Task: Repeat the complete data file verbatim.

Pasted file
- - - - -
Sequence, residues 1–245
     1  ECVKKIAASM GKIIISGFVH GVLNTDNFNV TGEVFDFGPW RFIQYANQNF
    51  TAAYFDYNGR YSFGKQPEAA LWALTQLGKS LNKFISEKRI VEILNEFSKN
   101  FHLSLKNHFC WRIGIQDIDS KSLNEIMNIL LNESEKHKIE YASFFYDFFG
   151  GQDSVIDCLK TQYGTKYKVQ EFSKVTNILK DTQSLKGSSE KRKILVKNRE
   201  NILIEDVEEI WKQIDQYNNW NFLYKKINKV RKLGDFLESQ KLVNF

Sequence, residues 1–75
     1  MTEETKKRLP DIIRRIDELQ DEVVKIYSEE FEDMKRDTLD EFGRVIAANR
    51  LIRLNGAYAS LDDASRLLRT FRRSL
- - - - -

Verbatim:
Sequence, residues 1–245
     1  ECVKKIAASM GKIIISGFVH GVLNTDNFNV TGEVFDFGPW RFIQYANQNF
    51  TAAYFDYNGR YSFGKQPEAA LWALTQLGKS LNKFISEKRI VEILNEFSKN
   101  FHLSLKNHFC WRIGIQDIDS KSLNEIMNIL LNESEKHKIE YASFFYDFFG
   151  GQDSVIDCLK TQYGTKYKVQ EFSKVTNILK DTQSLKGSSE KRKILVKNRE
   201  NILIEDVEEI WKQIDQYNNW NFLYKKINKV RKLGDFLESQ KLVNF

Sequence, residues 1–75
     1  MTEETKKRLP DIIRRIDELQ DEVVKIYSEE FEDMKRDTLD EFGRVIAANR
    51  LIRLNGAYAS LDDASRLLRT FRRSL